“We certainly urge all our allies and partners to move away from Russian equipment … and really avoid any kind of acquisitions that would trigger sanctions on our behalf,” Austin said in New Delhi on March 20, responding to a question from a reporter about India’s plans to buy the Russian S-400 anti-aircraft weapon system.
The thorny issue of India’s planned purchase of the S-400 was widely expected to come up during Austin’s visit to India, where he met his Indian counterpart, Defence Minister Rajnath Singh.
The pair discussed ways to expand military engagement between their respective countries, underscoring the strengthening defense ties between the United States and India, which are both worried about China flexing its military muscle in the Indo-Pacific region.
Austin said that, while he and Sing discussed the missile defense system, they didn’t discuss potential sanctions.
“We are aware of the fact that they have expressed interest in acquiring the system,” Austin said, adding that they had not “acquired an S-400 system yet, so there would be no reason for sanctions to be on the table.”
The United States opposes India’s purchase of the S-400, with U.S. officials on the record as saying that the Russian system can be used to collect intelligence on American systems if both exist side by side in a given country’s arsenal.
The United States and India have steadily ramped up their military relationship in recent years and signed a string of defense deals and deepened military cooperation. In 2019, the two sides concluded defense deals worth over $3 billion. Bilateral defense trade increased from near zero in 2008 to $15 billion in 2019.
At the meeting between Austin and Singh, the two countries agreed to deepen defense cooperation, intelligence sharing, and logistics.
“India is an increasingly important partner in rapidly shifting international dynamics. I reaffirm our commitment to a comprehensive forward-looking defense partnership with India as a central pillar of our approach to the Indo-Pacific region,” Austin said.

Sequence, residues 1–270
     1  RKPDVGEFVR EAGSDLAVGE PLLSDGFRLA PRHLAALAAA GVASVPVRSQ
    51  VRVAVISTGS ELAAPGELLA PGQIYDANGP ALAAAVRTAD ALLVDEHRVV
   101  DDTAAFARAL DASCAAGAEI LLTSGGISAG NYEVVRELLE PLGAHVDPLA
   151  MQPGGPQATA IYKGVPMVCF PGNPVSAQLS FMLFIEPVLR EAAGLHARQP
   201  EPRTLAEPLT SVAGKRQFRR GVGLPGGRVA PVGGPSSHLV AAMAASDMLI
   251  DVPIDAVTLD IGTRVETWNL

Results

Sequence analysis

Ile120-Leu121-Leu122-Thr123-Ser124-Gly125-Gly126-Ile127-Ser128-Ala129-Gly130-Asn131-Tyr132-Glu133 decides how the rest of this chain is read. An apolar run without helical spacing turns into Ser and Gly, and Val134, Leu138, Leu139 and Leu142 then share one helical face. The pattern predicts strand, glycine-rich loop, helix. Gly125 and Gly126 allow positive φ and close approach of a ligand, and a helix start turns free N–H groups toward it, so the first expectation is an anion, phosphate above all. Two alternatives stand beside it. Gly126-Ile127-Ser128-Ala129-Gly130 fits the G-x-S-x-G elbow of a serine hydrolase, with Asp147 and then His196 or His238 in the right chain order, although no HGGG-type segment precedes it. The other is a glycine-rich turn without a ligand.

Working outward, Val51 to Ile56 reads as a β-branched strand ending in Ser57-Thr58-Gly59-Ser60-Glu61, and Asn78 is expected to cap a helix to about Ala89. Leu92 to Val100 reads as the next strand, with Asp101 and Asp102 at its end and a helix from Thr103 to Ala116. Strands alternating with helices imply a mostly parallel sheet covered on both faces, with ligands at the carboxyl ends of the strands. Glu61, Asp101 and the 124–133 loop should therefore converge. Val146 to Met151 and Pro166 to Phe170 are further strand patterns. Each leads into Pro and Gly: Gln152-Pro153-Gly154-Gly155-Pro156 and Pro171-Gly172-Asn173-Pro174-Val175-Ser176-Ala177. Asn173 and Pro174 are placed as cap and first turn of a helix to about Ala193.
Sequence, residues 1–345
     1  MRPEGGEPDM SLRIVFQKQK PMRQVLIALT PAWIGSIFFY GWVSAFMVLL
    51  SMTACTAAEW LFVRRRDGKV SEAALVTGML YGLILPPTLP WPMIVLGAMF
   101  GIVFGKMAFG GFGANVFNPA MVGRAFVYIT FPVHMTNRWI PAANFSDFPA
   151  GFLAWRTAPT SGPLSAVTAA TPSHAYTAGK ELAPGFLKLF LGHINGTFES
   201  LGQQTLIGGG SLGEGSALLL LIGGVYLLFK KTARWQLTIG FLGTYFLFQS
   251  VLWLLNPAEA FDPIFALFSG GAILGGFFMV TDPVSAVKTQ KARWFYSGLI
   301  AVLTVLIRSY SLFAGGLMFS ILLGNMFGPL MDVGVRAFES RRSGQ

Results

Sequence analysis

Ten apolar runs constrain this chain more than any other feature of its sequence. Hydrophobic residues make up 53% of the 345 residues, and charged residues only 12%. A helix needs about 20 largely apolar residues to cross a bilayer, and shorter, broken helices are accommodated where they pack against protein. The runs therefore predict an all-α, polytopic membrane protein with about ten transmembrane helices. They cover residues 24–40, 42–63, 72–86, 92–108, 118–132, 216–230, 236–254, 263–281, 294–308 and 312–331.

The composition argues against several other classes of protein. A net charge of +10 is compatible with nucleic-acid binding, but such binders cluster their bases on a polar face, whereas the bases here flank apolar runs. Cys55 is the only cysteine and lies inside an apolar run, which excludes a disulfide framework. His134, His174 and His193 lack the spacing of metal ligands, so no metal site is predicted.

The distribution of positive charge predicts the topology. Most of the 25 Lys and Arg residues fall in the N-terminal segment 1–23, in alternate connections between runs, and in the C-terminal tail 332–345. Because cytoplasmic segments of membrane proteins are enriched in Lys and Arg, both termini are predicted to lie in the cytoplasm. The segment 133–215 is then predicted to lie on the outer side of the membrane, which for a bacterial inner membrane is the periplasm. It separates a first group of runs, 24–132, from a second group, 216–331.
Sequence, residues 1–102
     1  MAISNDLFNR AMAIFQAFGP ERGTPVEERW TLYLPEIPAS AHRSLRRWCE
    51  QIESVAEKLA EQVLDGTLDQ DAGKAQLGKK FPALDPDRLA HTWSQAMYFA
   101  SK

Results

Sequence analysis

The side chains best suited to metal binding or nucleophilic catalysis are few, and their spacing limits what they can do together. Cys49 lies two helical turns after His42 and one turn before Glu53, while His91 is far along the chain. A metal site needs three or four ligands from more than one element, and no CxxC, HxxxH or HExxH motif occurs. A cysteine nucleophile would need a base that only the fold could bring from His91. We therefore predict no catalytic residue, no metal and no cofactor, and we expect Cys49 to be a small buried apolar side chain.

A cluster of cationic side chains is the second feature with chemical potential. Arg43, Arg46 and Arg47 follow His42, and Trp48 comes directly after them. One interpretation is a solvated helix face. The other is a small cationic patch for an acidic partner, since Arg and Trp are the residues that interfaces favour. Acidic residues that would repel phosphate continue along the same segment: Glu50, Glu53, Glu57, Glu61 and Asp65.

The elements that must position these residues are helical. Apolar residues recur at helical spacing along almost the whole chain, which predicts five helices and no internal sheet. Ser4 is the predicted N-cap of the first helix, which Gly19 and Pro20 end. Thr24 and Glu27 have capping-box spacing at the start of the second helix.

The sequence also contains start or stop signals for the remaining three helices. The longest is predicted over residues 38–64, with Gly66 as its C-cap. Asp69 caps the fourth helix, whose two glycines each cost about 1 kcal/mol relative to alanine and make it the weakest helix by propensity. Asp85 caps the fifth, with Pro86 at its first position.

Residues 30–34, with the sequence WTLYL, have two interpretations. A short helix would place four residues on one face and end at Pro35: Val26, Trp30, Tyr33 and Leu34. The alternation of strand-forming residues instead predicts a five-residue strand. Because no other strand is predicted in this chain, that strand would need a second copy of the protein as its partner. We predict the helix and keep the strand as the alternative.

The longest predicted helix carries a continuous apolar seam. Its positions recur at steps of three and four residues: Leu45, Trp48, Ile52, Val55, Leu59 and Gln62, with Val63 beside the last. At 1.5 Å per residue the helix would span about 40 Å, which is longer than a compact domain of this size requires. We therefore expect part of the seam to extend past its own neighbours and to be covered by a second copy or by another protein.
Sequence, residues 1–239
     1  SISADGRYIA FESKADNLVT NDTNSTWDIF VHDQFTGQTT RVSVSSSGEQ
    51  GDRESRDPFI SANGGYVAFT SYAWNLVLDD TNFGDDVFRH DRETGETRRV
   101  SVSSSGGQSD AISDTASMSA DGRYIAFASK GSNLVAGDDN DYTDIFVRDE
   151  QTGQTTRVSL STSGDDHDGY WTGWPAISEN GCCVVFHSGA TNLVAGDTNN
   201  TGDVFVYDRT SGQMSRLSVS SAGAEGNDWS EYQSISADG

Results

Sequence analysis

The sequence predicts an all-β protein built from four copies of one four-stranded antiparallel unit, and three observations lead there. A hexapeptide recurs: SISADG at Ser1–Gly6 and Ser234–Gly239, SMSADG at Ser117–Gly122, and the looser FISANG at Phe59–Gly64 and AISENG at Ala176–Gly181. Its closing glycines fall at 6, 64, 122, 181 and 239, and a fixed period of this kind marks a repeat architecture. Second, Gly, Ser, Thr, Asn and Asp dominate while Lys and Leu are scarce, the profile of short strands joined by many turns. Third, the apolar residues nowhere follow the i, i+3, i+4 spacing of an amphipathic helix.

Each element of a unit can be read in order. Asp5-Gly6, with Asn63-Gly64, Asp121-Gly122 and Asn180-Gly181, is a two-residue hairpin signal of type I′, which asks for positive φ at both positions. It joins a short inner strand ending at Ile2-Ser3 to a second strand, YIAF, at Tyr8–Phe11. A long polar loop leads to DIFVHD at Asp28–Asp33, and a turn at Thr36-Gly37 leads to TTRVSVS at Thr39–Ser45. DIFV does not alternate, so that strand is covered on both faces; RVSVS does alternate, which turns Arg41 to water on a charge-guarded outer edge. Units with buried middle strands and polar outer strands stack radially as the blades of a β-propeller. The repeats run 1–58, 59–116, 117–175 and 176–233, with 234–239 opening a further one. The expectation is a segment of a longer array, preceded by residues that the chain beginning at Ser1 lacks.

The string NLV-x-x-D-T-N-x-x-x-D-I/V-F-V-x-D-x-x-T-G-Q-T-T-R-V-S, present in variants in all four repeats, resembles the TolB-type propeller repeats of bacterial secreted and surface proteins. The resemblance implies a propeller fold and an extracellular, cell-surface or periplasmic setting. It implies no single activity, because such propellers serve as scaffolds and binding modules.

The Pentagon chief’s visit to New Delhi is the first visit to India by a top member of President Joe Biden’s administration. It follows a meeting last week between leaders of Australia, India, Japan, and the United States, which together make up the four Indo-Pacific nations known as the Quad.
The Quad is seen as a counterweight to China, which critics say is flexing its military muscle in the South China Sea, East China Sea, and Taiwan Strait and along its northern border with India.
The U.S.–India security partnership enjoys strong bipartisan support in Washington, and it has grown significantly since the early 2000s even though trade agreements have been a sticking point. But in recent years, relations between the countries have been driven by a convergence of interests to counter China.
More recently, India drew closer to the United States following its months-long military standoff with China along its disputed border in eastern Ladakh, where deadly clashes erupted last year. Tensions between the nuclear-armed Asian giants have eased after the two countries pulled back troops from one area of contention.
The military tensions between the two neighbors at that time had stoked fears of a larger confrontation.
Pentagon Press Secretary John Kirby said in a readout from Austin and Singh’s meeting that “both sides exchanged perspectives on shared challenges confronting the region and committed to further strengthen their broad-ranging and robust defense cooperation.”
The Associated Press contributed to this report.